Matching Brains with Jobs
In the last two decades, the US government and the European Union have developed skills frameworks that provide comprehensive and standardized information on various occupations, skills, and competencies. They are designed to help individuals, employers, and policymakers better understand the labor market and facilitate workforce development. In our scientific research, we have analyzed similarities and differences between jobs based on the O*NET (US) and ESCO (EU) skills frameworks. We observed that jobs differ from each other on 2 dimensions, flexible versus structured and task-oriented versus people-oriented.
The interplay of the two dimensions results in the formation of four distinct combinations, known as quadrants:
Occupations falling within this quadrant require adaptability and effective collaboration with others, with an emphasis on building and nurturing relationships. Examples include teachers and real estate agents, where the ability to adapt to different situations and foster connections is paramount.
In this quadrant, occupations demand the ability to work harmoniously with others while adhering to established protocols. Roles within general management exemplify this, involving the coordination of teams and processes, as well as the application of knowledge. Organizational and leadership skills take center stage in these positions. Occupations such as general practitioners or police inspectors align with this quadrant.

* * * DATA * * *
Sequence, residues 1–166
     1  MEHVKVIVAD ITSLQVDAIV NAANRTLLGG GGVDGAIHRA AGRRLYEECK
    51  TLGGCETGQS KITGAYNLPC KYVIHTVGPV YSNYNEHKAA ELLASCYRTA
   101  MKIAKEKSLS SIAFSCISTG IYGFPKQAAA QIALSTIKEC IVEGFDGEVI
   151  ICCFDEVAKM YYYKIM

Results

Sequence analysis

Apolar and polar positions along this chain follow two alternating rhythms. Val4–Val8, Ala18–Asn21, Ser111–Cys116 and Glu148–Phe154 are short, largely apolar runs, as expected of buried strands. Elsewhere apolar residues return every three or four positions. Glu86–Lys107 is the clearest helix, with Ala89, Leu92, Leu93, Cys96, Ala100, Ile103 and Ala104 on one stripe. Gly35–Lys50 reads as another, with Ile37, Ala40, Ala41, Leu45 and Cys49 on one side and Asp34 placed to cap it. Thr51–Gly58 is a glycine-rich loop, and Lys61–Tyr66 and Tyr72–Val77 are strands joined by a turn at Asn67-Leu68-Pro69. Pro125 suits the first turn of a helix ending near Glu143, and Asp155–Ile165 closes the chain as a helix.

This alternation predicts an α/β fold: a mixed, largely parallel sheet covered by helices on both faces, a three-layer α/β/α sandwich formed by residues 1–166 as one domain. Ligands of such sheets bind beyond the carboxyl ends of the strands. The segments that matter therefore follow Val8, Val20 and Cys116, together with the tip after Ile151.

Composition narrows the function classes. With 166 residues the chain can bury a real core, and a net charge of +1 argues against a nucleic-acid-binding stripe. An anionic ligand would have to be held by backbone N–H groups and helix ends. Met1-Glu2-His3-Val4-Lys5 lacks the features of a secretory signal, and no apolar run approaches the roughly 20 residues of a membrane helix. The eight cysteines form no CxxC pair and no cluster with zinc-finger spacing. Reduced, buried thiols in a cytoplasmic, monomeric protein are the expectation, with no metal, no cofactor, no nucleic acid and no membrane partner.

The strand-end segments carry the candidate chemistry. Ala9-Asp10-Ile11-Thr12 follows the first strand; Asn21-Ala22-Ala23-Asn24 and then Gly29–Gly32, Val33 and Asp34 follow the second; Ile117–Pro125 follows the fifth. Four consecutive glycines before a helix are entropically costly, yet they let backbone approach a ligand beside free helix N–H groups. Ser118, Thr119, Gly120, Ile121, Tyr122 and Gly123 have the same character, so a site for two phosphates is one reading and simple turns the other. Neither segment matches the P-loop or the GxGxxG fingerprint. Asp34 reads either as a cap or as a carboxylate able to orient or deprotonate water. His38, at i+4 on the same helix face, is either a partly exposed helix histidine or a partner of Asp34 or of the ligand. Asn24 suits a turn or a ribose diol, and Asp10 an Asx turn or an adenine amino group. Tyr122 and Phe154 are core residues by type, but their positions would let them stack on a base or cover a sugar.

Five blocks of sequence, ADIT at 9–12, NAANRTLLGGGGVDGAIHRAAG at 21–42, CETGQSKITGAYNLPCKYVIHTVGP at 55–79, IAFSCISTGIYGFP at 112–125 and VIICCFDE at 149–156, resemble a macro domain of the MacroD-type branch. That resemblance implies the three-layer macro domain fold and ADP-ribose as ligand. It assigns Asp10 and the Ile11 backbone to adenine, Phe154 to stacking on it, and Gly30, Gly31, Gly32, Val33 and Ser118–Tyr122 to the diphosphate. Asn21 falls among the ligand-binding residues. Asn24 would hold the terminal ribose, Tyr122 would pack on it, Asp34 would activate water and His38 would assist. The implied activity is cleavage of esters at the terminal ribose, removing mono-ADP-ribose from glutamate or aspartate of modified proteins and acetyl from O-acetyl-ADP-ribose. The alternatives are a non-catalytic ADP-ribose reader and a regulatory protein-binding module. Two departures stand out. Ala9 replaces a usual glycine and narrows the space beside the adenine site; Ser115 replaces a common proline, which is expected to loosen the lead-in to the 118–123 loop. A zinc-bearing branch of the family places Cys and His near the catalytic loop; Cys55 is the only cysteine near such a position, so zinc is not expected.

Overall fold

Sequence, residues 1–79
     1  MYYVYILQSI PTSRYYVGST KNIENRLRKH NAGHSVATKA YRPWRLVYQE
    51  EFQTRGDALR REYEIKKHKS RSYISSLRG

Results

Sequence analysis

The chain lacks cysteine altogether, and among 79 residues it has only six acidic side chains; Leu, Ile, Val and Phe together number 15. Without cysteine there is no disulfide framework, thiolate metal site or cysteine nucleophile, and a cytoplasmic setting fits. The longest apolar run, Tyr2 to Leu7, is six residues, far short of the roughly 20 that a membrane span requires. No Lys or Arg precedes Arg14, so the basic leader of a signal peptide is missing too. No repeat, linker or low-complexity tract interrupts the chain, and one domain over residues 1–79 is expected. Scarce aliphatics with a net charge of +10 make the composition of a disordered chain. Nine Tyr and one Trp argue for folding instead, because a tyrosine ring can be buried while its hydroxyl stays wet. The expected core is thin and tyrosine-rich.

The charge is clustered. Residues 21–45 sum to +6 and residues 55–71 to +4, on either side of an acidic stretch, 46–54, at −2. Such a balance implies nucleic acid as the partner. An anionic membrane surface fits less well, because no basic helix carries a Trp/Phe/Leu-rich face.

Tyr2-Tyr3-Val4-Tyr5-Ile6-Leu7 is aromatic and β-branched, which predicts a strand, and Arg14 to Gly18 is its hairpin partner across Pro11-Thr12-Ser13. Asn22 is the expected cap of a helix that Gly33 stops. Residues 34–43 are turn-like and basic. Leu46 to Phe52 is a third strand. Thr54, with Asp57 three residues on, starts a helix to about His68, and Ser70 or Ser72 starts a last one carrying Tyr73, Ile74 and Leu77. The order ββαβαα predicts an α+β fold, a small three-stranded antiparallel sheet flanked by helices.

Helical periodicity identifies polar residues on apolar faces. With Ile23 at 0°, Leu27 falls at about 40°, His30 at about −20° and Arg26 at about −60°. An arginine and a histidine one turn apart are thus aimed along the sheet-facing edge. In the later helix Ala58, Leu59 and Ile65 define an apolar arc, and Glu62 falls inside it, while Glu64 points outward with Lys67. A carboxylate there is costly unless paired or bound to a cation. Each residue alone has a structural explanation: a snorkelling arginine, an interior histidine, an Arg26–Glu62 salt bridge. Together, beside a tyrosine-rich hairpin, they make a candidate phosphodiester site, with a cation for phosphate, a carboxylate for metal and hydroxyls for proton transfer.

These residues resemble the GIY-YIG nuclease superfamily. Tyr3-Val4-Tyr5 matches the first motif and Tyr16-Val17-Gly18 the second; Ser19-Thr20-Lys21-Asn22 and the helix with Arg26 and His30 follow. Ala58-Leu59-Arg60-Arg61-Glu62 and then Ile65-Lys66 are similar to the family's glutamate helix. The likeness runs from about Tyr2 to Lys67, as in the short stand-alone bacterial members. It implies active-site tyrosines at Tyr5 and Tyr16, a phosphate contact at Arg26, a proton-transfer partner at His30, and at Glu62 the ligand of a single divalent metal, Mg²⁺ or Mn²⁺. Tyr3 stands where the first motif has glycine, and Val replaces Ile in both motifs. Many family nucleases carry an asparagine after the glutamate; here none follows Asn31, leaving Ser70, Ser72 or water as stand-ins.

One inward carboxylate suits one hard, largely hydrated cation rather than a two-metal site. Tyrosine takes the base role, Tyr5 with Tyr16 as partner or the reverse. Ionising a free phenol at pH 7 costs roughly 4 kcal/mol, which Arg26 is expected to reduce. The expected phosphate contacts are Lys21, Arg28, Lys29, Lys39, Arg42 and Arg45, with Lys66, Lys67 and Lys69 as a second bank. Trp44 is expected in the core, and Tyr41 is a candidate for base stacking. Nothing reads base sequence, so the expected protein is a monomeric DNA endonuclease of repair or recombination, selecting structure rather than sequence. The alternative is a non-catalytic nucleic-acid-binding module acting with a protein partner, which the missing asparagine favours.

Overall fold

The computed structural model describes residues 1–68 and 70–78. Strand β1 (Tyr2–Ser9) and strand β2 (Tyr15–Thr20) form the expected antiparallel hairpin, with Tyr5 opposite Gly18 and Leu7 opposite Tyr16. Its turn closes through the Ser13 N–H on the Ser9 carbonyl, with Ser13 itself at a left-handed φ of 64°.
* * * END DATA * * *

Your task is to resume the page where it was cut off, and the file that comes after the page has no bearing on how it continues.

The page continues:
This quadrant encompasses occupations like accountants and insurance agents. The common thread among these roles is the need for effective communication and adaptability. Anticipating problems and approaching them with solution-focused thinking are essential traits in occupations within this quadrant.
Occupations falling within this quadrant include business consultants and architects. Abstract and creative thinking, coupled with the ability to follow protocols and prioritize task completion, are central to these roles. Analytical thinking forms the foundation of occupations in this quadrant.